Birding's top stories of 2019
The year 2019 produced plenty of major stories in the world of birds and birding. As is often the case, many of the headlines were shocking, even harrowing – but, amid the doom and gloom, there was plenty of cause for optimism. Without further ado, let us recap on some of the most viewed news stories of 2019 on the BirdGuides website ...
Robin causes a stir in Beijing
In January, hundreds of birders and photographers have been celebrating the arrival of a European Robin in the grounds of Beijing Zoo, China.
Hundreds of birders and photographers have visited Beijing Zoo in January (Terry Townshend / Birding Beijing).
Council pressured into removing netting from Norfolk cliffs
Mesh erected to prevent Sand Martins from nesting at Bacton generated a deluge of public criticism.
Millions of birds vacuumed to death annually in Mediterranean
BirdGuides broke the news in May that suction olive harvesting is decimating wintering bird populations in Iberia and beyond.
This photo of Sand Martins prevented from reaching their nesting sites on the Norfolk coast was one of the more emotive images to appear during the year (Maggie Wilcox).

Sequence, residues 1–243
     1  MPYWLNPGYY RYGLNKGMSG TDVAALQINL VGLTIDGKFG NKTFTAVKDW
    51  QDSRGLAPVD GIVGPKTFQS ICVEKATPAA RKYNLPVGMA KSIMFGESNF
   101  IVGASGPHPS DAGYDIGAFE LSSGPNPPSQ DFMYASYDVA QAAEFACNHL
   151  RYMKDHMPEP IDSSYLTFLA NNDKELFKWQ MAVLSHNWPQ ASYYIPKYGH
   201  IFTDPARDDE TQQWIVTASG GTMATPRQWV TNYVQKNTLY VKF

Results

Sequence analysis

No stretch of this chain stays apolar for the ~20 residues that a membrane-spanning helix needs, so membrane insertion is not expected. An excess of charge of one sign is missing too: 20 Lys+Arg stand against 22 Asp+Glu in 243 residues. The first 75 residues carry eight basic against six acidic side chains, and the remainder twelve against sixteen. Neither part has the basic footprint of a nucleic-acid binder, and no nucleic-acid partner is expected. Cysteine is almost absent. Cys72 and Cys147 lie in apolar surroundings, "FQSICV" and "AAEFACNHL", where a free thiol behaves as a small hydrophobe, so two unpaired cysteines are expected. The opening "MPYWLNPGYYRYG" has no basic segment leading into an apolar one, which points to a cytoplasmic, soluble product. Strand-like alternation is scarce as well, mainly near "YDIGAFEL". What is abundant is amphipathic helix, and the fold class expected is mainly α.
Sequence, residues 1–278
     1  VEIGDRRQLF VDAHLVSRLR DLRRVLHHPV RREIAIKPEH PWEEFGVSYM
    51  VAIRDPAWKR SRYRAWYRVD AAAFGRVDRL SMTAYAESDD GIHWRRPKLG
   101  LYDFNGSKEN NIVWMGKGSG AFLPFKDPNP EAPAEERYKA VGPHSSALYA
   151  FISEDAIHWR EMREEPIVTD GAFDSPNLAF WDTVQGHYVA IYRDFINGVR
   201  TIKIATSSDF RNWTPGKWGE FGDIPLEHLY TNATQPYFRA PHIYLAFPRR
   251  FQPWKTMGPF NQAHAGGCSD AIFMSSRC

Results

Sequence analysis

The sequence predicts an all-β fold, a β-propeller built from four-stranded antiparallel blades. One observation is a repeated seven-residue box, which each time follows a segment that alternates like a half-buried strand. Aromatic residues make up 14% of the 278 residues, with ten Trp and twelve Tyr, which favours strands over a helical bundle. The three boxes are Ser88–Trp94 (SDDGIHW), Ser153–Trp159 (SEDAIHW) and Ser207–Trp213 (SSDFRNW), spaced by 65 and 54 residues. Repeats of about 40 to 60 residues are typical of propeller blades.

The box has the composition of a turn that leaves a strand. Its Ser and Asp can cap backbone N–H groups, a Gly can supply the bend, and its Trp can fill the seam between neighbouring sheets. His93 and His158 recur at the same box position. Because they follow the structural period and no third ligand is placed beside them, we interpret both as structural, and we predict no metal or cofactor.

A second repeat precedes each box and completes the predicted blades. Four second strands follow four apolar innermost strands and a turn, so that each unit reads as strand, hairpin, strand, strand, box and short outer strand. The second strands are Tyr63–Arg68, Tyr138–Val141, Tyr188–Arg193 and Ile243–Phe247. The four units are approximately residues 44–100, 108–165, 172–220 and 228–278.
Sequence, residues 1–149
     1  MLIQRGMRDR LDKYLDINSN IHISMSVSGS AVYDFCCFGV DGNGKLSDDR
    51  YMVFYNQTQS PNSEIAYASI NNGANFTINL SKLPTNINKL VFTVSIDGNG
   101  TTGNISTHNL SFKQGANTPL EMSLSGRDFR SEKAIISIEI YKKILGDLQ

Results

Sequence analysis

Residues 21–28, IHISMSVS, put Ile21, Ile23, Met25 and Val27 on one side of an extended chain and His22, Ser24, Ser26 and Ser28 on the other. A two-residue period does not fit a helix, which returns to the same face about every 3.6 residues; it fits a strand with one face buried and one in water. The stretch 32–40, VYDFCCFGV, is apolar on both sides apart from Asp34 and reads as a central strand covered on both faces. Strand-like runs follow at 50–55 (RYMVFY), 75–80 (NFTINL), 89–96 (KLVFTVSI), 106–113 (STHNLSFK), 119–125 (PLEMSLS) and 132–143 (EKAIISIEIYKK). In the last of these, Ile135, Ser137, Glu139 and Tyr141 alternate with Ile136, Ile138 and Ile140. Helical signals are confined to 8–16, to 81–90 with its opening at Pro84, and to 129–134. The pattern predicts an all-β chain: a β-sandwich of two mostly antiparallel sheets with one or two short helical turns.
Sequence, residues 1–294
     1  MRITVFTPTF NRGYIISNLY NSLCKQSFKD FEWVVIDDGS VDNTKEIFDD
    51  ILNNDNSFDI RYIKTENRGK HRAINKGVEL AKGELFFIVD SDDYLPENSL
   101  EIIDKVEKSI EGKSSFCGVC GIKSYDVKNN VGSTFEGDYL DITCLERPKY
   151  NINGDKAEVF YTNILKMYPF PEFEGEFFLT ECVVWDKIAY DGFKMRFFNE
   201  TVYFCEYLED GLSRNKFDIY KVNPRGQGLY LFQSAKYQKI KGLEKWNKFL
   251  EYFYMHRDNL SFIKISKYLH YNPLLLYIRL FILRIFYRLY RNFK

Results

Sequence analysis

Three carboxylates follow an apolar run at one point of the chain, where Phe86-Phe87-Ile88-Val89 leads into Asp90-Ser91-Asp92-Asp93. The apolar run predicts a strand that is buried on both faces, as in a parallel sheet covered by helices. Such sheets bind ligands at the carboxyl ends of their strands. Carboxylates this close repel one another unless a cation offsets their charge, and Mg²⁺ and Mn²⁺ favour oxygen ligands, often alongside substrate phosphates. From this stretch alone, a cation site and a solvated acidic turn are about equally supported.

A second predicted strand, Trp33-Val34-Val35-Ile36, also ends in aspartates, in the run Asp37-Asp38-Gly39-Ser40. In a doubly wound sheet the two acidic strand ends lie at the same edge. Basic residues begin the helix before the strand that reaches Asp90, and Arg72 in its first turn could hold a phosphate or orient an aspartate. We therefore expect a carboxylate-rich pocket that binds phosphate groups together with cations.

Two men convicted after destroying multiple bird nests
The men cut down nearly 2 km of prime hedgerow during the middle of the breeding season.
Council accidentally bulldozes roadside nature reserve
The Kent site was home to tens of thousands of orchids as recently as summer 2018.
Trophy hunters paying to shoot Puffins in Iceland
As many as 100 of the threatened birds are killed in just one session, with some corpses then brought back as souvenirs.
Licences granted to kill multiple Red-listed species
Natural England and Natural Resources Wales gave the go-ahead for species such as Eurasian Curlew, Eurasian Skylark and House Sparrow to be dispatched in the name of public safety.
The legal killing of Eurasian Skylarks by licence was one of the more shocking revelations of the year (Dave Williams).
Natural England forced to revoke General Licences
Following a legal challenge from Wild Justice, the advisory body had to cancel three licences for controlling certain bird species.
Octopus attacks Bald Eagle in Canada
The extraordinary incident was caught on camera in the north-west of Vancouver Island, British Columbia, in late autumn.
Gyr Falcons released into the Scottish countryside
Scottish Natural Heritage has sensationally issued a licence to allow the practice, despite local residents' grave concerns.